History and Philosophy of Logic 31 (2):161-176 (2010)
|Abstract||Hartry Field's revised logic for the theory of truth in his new book, Saving Truth from Paradox , seeking to preserve Tarski's T-scheme, does not admit a full theory of negation. In response, Crispin Wright proposed that the negation of a proposition is the proposition saying that some proposition inconsistent with the first is true. For this to work, we have to show that this proposition is entailed by any proposition incompatible with the first, that is, that it is the weakest proposition incompatible with the proposition whose negation it should be. To show that his proposal gave a full intuitionist theory of negation, Wright appealed to two principles, about incompatibility and entailment, and using them Field formulated a paradox of validity (or more precisely, of inconsistency). The medieval mathematician, theologian and logician, Thomas Bradwardine, writing in the fourteenth century, proposed a solution to the paradoxes of truth which does not require any revision of logic. The key principle behind Bradwardine's solution is a pluralist doctrine of meaning, or signification, that propositions can mean more than they explicitly say. In particular, he proposed that signification is closed under entailment. In light of this, Bradwardine revised the truth-rules, in particular, refining the T-scheme, so that a proposition is true only if everything that it signifies obtains. Thereby, he was able to show that any proposition which signifies that it itself is false, also signifies that it is true, and consequently is false and not true. I show that Bradwardine's solution is also able to deal with Field's paradox and others of a similar nature. Hence Field's logical revisions are unnecessary to save truth from paradox|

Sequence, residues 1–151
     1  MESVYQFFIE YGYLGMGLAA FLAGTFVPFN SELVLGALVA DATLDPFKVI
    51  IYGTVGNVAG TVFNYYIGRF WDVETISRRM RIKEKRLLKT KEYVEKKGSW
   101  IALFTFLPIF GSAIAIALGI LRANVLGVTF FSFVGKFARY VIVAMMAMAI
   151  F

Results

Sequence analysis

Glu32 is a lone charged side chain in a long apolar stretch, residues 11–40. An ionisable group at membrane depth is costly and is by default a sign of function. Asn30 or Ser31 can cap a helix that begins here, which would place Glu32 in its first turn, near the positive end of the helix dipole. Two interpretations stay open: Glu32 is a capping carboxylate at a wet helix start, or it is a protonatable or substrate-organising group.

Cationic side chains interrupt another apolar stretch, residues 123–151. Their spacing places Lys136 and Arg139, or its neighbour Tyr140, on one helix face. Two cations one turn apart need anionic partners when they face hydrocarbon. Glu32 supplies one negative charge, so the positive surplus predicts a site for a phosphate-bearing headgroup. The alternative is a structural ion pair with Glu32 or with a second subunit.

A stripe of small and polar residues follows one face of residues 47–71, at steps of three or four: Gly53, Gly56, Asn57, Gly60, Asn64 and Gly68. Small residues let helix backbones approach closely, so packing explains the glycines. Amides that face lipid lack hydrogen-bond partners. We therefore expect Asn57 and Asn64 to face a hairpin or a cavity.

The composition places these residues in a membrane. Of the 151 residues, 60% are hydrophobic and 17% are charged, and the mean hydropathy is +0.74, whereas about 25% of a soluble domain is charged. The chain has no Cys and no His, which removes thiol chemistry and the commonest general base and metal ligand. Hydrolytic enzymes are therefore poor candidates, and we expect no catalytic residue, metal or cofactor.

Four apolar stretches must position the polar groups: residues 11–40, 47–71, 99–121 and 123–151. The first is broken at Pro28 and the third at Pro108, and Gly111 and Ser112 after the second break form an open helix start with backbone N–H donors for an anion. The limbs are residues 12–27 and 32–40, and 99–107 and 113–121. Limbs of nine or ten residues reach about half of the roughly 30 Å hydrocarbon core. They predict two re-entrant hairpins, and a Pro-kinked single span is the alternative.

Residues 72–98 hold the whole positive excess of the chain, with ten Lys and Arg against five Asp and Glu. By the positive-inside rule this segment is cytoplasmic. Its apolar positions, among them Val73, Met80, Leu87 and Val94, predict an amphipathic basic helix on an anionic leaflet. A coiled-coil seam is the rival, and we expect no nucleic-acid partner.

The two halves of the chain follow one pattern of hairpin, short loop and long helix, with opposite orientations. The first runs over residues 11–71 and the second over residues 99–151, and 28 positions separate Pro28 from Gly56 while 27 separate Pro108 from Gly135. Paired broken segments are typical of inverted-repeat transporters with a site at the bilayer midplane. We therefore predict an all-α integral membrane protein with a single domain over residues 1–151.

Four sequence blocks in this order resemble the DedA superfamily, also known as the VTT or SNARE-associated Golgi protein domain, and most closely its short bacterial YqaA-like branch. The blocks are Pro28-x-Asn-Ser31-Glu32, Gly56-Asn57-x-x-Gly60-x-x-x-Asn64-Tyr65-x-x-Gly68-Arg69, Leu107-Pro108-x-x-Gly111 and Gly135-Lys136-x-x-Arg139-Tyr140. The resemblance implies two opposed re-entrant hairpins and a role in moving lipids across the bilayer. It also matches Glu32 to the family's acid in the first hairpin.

|Keywords||No keywords specified (fix it)|
|Categories||categorize this paper)|
|Through your library||Configure|
Similar books and articles
Manfred Müller (1991). Eine Widerlegung der Redundanztheorie der Wahrheit. Journal for General Philosophy of Science 22 (1):101-110.
Simon Evnine, &Quot;every Proposition Asserts Itself to Be True&Quot;: A Buridanian Solution to the Liar Paradox?
Catarina Dutilh Novaes & Stephen Read (2008). Insolubilia and the Fallacy Secundum Quid Et Simpliciter. Vivarium 46 (2):175-191.
Elia Zardini, If Every True Proposition is Knowable, Then Every Believed (Decidable) Proposition is True, or the Incompleteness of the Intuitionistic Solution to the Paradox of Knowability.
Richard Kenneth Atkins (2011). This Proposition is Not True: C.S. Peirce and the Liar Paradox. Transactions of the Charles S. Peirce Society 47 (4):421-444.
Kevin Scharp (2010). Truth's Saviour? [REVIEW] Philosophical Quarterly 60 (238):183 - 188.
Keith Simmons (1987). On a Medieval Solution to the Liar Paradox. History and Philosophy of Logic 8 (2):121-140.
Hartry Field (2006). Maudlin's Truth and Paradox. [REVIEW] Philosophy and Phenomenological Research 73 (3):713–720.
Stephen Read (2009). Plural Signification and the Liar Paradox. Philosophical Studies 145 (3):363 - 375.
Added to index2010-07-27
Total downloads30 ( #46,375 of 722,862 )
Recent downloads (6 months)2 ( #36,757 of 722,862 )
How can I increase my downloads?